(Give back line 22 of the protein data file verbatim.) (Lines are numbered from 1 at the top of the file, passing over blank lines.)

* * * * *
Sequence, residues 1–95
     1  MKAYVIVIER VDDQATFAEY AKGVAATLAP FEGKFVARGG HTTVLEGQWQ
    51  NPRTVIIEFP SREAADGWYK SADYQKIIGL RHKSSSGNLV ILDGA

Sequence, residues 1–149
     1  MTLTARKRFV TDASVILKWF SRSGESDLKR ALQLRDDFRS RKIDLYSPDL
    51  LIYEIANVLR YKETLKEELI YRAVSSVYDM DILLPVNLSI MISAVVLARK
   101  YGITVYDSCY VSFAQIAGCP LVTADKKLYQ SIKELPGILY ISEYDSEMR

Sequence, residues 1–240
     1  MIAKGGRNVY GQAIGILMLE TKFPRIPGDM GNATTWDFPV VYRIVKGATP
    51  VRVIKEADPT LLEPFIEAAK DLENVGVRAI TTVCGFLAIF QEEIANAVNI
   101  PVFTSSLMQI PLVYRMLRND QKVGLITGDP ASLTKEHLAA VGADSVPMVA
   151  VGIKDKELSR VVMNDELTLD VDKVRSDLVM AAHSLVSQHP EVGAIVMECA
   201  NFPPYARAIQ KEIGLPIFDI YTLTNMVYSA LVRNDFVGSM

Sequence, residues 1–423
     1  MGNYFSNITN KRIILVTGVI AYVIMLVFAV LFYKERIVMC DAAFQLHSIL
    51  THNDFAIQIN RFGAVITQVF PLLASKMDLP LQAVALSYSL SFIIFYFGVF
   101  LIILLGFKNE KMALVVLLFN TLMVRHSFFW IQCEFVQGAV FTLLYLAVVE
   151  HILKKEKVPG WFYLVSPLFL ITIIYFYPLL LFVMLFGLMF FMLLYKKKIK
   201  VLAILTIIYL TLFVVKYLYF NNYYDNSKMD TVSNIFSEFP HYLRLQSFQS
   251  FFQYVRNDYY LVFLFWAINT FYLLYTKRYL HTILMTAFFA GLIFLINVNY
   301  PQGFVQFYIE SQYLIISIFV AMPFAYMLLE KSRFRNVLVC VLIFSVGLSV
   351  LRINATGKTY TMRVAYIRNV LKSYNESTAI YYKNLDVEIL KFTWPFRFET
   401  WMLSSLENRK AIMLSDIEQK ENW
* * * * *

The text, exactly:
   351  LRINATGKTY TMRVAYIRNV LKSYNESTAI YYKNLDVEIL KFTWPFRFET